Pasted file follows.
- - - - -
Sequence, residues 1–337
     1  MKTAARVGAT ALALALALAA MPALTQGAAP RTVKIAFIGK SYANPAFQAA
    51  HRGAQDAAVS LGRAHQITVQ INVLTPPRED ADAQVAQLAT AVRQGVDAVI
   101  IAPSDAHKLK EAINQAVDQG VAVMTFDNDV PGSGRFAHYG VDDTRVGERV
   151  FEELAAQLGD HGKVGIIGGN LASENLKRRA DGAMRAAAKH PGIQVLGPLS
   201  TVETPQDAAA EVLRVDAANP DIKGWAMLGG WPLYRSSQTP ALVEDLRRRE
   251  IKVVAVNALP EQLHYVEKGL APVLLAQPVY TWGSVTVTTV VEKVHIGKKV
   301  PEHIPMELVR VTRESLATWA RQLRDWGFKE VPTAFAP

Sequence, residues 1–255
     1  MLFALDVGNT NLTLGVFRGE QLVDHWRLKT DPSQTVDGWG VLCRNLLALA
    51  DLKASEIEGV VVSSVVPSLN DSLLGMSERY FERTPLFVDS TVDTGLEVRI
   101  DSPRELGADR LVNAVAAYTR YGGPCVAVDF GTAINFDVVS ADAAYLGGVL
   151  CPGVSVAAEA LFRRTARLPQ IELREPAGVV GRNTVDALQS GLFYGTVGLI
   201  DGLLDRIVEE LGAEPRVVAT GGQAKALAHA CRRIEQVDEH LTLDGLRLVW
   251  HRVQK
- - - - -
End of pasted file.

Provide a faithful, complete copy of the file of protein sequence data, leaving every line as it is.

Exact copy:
Sequence, residues 1–337
     1  MKTAARVGAT ALALALALAA MPALTQGAAP RTVKIAFIGK SYANPAFQAA
    51  HRGAQDAAVS LGRAHQITVQ INVLTPPRED ADAQVAQLAT AVRQGVDAVI
   101  IAPSDAHKLK EAINQAVDQG VAVMTFDNDV PGSGRFAHYG VDDTRVGERV
   151  FEELAAQLGD HGKVGIIGGN LASENLKRRA DGAMRAAAKH PGIQVLGPLS
   201  TVETPQDAAA EVLRVDAANP DIKGWAMLGG WPLYRSSQTP ALVEDLRRRE
   251  IKVVAVNALP EQLHYVEKGL APVLLAQPVY TWGSVTVTTV VEKVHIGKKV
   301  PEHIPMELVR VTRESLATWA RQLRDWGFKE VPTAFAP

Sequence, residues 1–255
     1  MLFALDVGNT NLTLGVFRGE QLVDHWRLKT DPSQTVDGWG VLCRNLLALA
    51  DLKASEIEGV VVSSVVPSLN DSLLGMSERY FERTPLFVDS TVDTGLEVRI
   101  DSPRELGADR LVNAVAAYTR YGGPCVAVDF GTAINFDVVS ADAAYLGGVL
   151  CPGVSVAAEA LFRRTARLPQ IELREPAGVV GRNTVDALQS GLFYGTVGLI
   201  DGLLDRIVEE LGAEPRVVAT GGQAKALAHA CRRIEQVDEH LTLDGLRLVW
   251  HRVQK